When a couple has a child, parents usually expect to be a big part of their son's or daughter's life, even if the relationship with the other parent ends someday. When it comes to child custody matters, New York State law says that decisions are gender-neutral. The child's best interests are paramount, and each parent is supposed to have an equal chance to show that they are entitled to majority custody, if they want it.
However, as in other parts of the country, many fathers in New York say their experience left them believing the system is biased against men. They say that their child's mother was granted majority custody, even though it was not a good situation for their son or daughter.
There are actually two forms of child custody under the law: physical custody and legal custody. Physical custody has to do with where the child will be living. Some parents share physical custody; other times, one parent gets sole custody, while the other gets visitation time.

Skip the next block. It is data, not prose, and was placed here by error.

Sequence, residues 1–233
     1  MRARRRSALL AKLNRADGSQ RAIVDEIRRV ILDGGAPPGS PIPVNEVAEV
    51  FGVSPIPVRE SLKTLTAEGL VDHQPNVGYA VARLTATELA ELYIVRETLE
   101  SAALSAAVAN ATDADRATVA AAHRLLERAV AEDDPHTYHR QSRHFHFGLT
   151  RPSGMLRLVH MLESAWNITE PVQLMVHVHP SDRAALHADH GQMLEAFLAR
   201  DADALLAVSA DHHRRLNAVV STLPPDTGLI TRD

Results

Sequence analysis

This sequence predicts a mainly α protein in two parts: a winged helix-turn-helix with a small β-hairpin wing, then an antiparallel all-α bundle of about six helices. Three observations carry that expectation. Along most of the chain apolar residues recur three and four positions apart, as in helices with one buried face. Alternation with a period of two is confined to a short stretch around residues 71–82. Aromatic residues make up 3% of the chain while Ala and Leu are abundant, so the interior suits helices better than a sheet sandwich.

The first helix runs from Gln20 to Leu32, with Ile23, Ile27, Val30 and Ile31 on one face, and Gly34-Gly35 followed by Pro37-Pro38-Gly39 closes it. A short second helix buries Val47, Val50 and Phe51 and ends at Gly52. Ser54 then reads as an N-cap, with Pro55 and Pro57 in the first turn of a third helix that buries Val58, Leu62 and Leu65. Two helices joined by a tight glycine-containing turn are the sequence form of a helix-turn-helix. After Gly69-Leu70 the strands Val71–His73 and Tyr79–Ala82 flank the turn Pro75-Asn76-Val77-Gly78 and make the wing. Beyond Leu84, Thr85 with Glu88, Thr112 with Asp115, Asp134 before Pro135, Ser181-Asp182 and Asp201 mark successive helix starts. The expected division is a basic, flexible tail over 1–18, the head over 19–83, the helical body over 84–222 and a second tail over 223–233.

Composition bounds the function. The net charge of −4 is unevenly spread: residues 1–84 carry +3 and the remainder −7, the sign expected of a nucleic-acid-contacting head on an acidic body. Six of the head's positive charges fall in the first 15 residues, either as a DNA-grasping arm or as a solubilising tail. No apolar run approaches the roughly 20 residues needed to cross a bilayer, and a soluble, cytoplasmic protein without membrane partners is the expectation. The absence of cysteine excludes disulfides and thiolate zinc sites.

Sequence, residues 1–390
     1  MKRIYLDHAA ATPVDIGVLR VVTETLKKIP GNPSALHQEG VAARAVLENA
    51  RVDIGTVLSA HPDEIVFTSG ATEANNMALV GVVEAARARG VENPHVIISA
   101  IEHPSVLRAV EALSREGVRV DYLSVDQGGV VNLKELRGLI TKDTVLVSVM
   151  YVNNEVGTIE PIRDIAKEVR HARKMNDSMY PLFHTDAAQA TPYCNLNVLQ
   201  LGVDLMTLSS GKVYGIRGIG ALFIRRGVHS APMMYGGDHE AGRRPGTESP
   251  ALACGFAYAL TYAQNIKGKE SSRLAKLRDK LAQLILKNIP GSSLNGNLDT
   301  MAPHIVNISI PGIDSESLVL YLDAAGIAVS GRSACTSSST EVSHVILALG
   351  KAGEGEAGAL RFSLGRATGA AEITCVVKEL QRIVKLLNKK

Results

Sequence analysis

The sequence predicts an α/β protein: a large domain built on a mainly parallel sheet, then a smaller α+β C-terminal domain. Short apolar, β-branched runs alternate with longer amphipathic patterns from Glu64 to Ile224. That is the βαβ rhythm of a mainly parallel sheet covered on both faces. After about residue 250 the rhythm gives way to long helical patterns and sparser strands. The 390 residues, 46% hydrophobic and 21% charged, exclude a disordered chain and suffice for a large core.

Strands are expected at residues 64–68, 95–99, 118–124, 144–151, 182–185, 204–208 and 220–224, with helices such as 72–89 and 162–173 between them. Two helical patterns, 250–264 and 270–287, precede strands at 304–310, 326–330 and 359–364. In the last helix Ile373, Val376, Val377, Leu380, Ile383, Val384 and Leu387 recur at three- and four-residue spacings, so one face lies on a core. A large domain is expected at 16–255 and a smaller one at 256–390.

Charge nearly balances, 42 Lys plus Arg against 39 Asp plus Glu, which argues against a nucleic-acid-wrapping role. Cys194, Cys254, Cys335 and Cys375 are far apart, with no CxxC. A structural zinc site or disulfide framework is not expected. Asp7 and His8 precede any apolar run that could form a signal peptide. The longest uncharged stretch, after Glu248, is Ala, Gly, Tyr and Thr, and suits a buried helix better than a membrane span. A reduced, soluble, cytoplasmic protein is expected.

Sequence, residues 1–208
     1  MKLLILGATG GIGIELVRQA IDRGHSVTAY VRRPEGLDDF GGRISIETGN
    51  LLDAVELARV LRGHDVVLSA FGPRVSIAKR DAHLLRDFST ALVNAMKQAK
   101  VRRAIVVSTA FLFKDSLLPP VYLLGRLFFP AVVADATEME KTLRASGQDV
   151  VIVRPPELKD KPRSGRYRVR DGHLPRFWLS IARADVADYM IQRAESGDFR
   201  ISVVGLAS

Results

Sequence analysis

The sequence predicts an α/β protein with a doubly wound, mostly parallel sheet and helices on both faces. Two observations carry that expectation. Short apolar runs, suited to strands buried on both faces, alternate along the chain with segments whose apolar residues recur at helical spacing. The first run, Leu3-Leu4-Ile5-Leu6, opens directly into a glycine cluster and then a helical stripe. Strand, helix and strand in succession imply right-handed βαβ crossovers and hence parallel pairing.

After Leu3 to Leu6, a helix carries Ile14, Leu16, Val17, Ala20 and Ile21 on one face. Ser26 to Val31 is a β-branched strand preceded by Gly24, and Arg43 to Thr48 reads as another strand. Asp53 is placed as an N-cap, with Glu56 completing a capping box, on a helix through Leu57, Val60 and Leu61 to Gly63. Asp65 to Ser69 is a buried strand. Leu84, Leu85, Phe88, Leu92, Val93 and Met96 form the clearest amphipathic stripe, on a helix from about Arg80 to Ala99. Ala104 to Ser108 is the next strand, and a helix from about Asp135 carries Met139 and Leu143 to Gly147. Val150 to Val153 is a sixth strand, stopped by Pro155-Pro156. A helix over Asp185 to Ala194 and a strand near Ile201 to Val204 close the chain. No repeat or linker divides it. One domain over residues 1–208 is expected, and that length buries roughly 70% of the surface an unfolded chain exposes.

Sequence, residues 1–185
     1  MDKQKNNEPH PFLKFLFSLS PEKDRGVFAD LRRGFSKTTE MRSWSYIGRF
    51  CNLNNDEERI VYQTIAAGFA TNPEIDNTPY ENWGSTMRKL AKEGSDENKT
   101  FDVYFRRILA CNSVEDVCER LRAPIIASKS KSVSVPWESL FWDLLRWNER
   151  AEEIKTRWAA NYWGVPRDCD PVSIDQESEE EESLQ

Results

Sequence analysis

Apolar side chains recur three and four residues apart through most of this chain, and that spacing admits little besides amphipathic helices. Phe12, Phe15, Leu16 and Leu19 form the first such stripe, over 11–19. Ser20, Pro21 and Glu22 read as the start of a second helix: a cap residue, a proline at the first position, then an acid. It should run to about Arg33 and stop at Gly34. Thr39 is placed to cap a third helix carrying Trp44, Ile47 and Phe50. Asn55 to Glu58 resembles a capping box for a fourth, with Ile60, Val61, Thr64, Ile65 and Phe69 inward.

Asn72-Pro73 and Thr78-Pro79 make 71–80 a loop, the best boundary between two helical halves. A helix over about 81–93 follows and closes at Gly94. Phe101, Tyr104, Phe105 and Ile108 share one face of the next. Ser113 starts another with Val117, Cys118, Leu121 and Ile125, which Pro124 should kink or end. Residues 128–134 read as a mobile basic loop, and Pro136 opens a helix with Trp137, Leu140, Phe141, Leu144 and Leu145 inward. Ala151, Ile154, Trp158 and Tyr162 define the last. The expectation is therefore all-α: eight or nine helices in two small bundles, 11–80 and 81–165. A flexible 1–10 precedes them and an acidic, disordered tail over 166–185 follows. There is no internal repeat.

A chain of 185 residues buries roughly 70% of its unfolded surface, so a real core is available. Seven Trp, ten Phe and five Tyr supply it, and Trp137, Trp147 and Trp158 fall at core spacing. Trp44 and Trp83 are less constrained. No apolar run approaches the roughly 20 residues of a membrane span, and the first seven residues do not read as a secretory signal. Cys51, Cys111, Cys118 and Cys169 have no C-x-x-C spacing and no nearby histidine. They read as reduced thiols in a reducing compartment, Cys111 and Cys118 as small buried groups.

Legal custody, on the other hand, refers to the right to make important life decisions for the child. Examples include where the child goes to school and what religion he or she will practice, if any. In New York, it is possible to share legal custody over a child without having physical custody.
An attorney who fights for fathers' rights can help remind the court that men can be as fit as women when it comes to making a healthy, supportive and safe home for a child.